The Reserve Bank of Australia has hiked the official cash rate for the eighth consecutive month, delivering yet another hip pocket hit just before Christmas.
At its December board meeting today, the RBA lifted rates by 25 basis points to 3.1% – its highest level since December 2012.
Most economists expected today’s move on the back of the latest inflation data, with the Consumer Price Index sitting at 6.9% in the 12 months to October – down only slightly from September’s quarterly figure of 7.3%.
The pre-Christmas rate rise comes at a time when cost of living pressures are running red hot. Picture: Getty
“Inflation in Australia is too high,” RBA governor Philip Lowe said in a statement.
“Global factors explain much of this high inflation, but strong domestic demand relative to the ability of the economy to meet that demand is also playing a role. Returning inflation to target requires a more sustainable balance between demand and supply.”
PropTrack senior economist Eleanor Creagh said there had been too small an improvement in inflationary pressures to give the RBA pause.
“It takes time for higher interest rates to fully impact household cash flows and spending intentions, particularly with so many home loan borrowers having taken advantage of record low fixed rate mortgages throughout the Covid period,” Ms Creagh said.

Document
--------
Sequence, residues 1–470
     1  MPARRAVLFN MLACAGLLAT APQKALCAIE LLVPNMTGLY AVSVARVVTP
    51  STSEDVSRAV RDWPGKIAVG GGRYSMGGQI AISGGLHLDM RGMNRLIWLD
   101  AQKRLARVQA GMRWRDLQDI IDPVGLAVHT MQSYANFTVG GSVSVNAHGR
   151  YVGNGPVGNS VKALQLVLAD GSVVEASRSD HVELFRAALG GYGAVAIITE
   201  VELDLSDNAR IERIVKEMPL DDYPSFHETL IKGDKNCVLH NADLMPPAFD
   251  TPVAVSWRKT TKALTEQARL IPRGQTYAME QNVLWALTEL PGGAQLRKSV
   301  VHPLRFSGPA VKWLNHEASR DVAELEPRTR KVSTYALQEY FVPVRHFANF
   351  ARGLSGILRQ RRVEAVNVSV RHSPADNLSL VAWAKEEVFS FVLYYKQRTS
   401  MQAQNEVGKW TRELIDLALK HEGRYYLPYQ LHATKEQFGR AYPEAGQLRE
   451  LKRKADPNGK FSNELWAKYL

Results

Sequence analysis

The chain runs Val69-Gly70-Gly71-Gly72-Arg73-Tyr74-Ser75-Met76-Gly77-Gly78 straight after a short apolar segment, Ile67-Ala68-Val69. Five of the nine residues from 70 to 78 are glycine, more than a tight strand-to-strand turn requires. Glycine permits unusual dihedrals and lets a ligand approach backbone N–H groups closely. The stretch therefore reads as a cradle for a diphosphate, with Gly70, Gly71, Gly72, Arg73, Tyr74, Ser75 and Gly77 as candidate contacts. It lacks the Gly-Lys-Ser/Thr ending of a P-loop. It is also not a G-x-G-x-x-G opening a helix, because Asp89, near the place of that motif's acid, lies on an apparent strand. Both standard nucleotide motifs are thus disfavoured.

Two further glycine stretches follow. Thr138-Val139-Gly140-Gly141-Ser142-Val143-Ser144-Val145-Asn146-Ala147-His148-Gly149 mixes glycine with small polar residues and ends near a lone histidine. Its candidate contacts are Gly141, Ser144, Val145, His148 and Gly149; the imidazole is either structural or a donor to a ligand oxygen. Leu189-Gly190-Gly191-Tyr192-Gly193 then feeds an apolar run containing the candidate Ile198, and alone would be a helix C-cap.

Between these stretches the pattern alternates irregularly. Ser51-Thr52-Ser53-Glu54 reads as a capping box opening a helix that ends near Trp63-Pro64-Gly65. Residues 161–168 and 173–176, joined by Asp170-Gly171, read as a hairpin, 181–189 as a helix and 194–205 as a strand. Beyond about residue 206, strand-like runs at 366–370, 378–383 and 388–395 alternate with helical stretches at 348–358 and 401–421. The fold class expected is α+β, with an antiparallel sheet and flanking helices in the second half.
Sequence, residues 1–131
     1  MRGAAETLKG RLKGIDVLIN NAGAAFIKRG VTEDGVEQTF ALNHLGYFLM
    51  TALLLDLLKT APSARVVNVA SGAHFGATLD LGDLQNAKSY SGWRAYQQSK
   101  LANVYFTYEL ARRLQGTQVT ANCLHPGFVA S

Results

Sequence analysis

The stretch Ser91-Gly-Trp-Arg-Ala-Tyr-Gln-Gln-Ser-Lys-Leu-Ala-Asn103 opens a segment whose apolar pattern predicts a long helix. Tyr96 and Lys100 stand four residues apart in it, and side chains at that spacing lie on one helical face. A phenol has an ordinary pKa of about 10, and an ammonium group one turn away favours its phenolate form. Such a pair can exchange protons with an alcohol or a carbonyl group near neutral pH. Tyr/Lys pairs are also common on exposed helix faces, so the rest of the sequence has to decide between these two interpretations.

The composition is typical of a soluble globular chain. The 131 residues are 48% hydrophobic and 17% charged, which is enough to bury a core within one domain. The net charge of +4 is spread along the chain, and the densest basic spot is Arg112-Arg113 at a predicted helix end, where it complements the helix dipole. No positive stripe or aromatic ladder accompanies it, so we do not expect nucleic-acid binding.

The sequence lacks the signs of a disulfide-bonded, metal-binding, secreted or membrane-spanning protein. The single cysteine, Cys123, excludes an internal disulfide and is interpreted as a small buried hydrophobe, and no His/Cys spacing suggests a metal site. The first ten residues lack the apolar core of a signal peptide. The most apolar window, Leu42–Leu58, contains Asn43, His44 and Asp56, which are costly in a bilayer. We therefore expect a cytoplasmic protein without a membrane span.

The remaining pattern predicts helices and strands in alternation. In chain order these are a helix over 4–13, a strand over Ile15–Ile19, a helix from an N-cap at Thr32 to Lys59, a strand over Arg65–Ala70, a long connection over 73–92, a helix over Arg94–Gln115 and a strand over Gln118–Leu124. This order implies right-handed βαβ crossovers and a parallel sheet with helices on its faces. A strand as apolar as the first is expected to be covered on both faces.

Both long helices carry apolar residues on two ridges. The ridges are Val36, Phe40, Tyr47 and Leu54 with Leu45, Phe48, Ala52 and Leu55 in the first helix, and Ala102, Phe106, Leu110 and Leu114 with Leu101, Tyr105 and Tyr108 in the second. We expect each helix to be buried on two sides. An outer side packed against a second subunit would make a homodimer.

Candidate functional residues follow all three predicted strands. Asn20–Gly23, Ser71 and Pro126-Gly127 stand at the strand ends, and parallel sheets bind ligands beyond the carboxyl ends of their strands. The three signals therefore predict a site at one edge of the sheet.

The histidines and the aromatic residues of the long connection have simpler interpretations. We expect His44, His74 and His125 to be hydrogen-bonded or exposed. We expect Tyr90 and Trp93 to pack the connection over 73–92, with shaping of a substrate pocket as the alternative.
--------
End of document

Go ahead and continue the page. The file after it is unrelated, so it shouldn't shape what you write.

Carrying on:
RBA governor Philip Lowe warns more rate hikes are likely. Picture: Getty
How much more borrowers will pay
Mortgage Choice chief executive Anthony Waldron said the rapid increase in interest rates has required “significant adjustments” from borrowers.
“Lenders will likely reflect today’s cash rate rise in their variable rate home loan products,” Mr Waldron said.
For borrowers with $500,000 outstanding on their home loan, the December hike could add an additional $80 to their monthly mortgage repayments.
But of course, the cash rate has already risen seven times before today.
Since May, that borrower could see the combined cost of the rate hikes add up to more than $880 per month.
And for a borrower with $1 million outstanding on their home loan, the combined cost blows out to more than $1760 extra each month.
The full impact of rate rises in 2022
|Mortgage size||Additional monthly repayments (combined total)|